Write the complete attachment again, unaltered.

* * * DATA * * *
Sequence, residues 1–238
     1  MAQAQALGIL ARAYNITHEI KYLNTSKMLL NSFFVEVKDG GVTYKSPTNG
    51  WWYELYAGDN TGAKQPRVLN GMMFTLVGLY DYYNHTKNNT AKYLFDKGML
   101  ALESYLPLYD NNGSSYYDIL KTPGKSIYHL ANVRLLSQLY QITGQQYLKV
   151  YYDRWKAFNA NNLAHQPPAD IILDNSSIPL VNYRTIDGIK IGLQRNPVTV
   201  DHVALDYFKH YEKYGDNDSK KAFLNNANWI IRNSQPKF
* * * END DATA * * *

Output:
Sequence, residues 1–238
     1  MAQAQALGIL ARAYNITHEI KYLNTSKMLL NSFFVEVKDG GVTYKSPTNG
    51  WWYELYAGDN TGAKQPRVLN GMMFTLVGLY DYYNHTKNNT AKYLFDKGML
   101  ALESYLPLYD NNGSSYYDIL KTPGKSIYHL ANVRLLSQLY QITGQQYLKV
   151  YYDRWKAFNA NNLAHQPPAD IILDNSSIPL VNYRTIDGIK IGLQRNPVTV
   201  DHVALDYFKH YEKYGDNDSK KAFLNNANWI IRNSQPKF